This Za! article was written by Chris Hobbs, a GIGsoup contributor. Edited by Ben Kendall.
‘Loloismo’ is such an eclectic album that describing it results in a scattered list of genres and artists that Za! take influence from at any one time. Safe to say, the result is a release that is more on the avante-garde side of rock music: full of synth swells, arpeggios, glissandos, distorted guitars and chanted vocals. At the same time, there is plenty of catchy melodic material, interspersed between the high-octane musical mischief.
Aggressive and eclectic from the get-go, ‘La Maquinaria Está Engrasada’ assaults the listener with gunshot-like tremors and exaggerated swells, catapulting between full-power attacks and softer, synthetic and rhythmically driven moments of respite. Beginning with what sounds like kitchenware as percussion and sandwiching snippets of blues rock amongst the chaos, the opening track encapsulates the frantic and experimental side of the album.
While this tone is maintained throughout the album, thankfully not every track is as difficult as the first. The second,’Badulake’, has a catchy synth melody, playfully interspersed with vocals and driven by the energy of the drums. Following this,’Empatano’ slows everything down a little; with reverberating trumpet opening the track, before blossoming into post-jazz through transience of key and the mixing of reverberant dissonant trumpets, with rock beats and eclectic percussion – all served with a synthetic garnish.
‘Mundo Estrella’, is supported by a backbone of a superbly catchy and energetic rock-guitar riffs. The use of orchestral samples is wonderfully interruptive, leaving you wondering if they even happened at all. ‘Sancha’ is the first real drop in energy since the beginning of the album, a softer, post-rock track. While there are no real issues with this piece, it feels a little long in the context of this album, but succeeds in providing an introspective mood and a welcome moment to take a breath.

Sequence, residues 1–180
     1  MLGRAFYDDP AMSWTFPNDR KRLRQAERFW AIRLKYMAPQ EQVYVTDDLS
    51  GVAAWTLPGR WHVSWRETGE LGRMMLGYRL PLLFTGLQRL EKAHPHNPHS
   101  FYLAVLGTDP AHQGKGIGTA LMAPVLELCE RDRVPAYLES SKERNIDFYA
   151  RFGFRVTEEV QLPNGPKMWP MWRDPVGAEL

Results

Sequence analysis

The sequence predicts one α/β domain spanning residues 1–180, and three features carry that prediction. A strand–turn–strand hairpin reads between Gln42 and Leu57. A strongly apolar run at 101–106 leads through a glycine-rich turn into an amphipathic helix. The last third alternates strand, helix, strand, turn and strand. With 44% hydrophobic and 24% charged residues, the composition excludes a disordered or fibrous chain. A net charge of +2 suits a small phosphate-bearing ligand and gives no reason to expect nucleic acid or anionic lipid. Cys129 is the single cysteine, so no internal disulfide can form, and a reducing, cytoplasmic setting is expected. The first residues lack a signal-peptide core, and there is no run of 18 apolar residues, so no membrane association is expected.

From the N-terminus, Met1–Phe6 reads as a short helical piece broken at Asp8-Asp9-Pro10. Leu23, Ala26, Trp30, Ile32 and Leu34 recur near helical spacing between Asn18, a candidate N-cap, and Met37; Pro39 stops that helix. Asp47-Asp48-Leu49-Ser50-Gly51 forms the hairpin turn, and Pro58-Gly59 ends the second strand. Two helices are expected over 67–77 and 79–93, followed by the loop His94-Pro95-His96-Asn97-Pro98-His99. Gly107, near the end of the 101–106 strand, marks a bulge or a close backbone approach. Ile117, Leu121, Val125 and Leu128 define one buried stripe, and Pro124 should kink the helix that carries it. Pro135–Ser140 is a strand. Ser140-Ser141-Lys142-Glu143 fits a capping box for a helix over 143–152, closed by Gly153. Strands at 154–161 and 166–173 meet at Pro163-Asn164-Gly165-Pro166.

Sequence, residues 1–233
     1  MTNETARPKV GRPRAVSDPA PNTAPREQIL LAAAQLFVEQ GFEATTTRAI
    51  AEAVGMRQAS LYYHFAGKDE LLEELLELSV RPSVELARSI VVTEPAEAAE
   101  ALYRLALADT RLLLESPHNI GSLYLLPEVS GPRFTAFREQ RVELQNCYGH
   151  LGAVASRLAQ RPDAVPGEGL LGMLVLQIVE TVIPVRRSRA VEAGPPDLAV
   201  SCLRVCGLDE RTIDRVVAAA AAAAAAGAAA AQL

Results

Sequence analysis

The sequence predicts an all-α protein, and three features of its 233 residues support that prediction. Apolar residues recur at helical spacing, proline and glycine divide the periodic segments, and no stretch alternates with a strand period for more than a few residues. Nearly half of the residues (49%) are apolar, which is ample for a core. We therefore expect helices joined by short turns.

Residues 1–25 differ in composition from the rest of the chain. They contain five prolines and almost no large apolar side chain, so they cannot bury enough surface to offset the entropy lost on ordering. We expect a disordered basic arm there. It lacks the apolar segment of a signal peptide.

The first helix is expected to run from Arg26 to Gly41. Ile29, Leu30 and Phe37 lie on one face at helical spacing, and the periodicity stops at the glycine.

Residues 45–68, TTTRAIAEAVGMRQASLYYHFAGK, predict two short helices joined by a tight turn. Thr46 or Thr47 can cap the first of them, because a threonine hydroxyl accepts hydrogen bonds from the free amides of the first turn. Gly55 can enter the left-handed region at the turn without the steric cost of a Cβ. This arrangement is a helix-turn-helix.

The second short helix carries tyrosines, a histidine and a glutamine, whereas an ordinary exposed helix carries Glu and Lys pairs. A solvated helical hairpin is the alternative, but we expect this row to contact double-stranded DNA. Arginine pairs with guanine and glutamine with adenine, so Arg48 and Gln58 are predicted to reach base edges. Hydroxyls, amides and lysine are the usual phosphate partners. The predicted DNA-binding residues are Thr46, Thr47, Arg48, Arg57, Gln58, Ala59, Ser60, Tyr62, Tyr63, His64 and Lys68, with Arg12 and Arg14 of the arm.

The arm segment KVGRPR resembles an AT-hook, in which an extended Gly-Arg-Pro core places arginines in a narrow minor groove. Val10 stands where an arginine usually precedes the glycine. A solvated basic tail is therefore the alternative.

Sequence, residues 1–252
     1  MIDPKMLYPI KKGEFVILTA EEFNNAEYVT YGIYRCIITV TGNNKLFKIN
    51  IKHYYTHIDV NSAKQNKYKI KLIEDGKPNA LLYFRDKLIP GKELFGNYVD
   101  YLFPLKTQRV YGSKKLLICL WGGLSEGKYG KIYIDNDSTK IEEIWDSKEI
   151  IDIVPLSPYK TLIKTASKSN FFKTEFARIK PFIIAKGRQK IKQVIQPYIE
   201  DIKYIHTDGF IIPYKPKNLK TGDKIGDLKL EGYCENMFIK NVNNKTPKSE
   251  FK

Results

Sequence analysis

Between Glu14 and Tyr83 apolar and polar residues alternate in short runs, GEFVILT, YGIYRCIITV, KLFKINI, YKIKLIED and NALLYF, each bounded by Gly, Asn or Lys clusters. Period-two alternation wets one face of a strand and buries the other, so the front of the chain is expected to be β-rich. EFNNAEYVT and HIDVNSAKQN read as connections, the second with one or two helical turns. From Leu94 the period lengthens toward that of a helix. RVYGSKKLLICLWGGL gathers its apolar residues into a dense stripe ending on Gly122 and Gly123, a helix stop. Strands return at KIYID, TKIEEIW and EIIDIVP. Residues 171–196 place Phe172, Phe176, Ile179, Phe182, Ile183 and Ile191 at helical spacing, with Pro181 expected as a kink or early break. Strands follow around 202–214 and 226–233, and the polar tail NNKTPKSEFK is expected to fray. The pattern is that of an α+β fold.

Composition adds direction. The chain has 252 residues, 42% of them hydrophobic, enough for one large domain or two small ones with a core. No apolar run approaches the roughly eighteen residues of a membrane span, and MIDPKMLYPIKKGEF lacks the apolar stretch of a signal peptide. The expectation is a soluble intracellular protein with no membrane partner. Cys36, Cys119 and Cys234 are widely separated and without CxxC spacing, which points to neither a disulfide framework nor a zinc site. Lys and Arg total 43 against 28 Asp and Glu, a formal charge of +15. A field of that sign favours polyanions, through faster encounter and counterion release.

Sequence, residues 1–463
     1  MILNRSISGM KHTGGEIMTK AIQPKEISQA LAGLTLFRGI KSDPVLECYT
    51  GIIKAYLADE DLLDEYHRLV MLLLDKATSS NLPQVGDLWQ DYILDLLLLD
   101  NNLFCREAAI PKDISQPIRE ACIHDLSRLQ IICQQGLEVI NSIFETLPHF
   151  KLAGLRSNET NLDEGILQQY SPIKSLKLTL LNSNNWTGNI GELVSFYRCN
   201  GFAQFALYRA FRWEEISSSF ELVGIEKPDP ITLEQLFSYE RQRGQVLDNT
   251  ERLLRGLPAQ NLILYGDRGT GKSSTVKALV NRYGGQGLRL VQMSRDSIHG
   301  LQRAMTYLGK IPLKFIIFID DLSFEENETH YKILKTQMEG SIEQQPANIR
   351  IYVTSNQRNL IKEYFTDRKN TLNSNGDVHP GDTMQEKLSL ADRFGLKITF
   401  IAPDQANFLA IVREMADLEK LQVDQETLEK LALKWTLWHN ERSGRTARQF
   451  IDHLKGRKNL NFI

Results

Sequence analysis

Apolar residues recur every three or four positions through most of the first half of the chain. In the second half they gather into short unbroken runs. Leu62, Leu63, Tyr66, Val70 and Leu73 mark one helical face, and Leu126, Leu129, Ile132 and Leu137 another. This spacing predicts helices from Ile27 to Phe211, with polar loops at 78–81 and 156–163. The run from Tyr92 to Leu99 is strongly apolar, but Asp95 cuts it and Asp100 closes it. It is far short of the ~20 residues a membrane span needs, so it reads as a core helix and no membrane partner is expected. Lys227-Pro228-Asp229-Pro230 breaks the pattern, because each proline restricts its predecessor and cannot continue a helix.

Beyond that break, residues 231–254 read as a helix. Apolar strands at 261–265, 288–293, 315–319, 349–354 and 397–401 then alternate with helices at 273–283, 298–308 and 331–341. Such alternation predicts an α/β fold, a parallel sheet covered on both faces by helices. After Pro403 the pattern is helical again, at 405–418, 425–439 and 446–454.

‘Loloismo’ is an album that can’t sit still. Every song is almost entirely different to the track that precedes it. Anchored by an abundance of synthesised material, chanted vocal melodies and bright guitar tone, each of the 11 tracks continue to draw from as many influences as possible. The synth material on ‘Captain Rondo’ is like chiptune, ‘Don Autoleyendas’ is a hip hop track soaked in reverb, ‘Loloismo’, a chant along rock track. The first few times listening to this album, the 40 minutes will pass like a blur, with so much happening that it’s hard to say what you just listened to. Luckily, after a few listens, everything will fall into place a little more.
This will not be an album for everybody. It is often abrasive and aggressive, which can make it difficult to listen to. But the album just exudes fun, and with the snippets of laughter and chatter, you feel like you’re actually there as a part of it. If you’re looking looking for something a little challenging and genuinely unique, while still having catchy moments and leaving you with a smile on your face, ‘Loloismo’ might just be the album for you.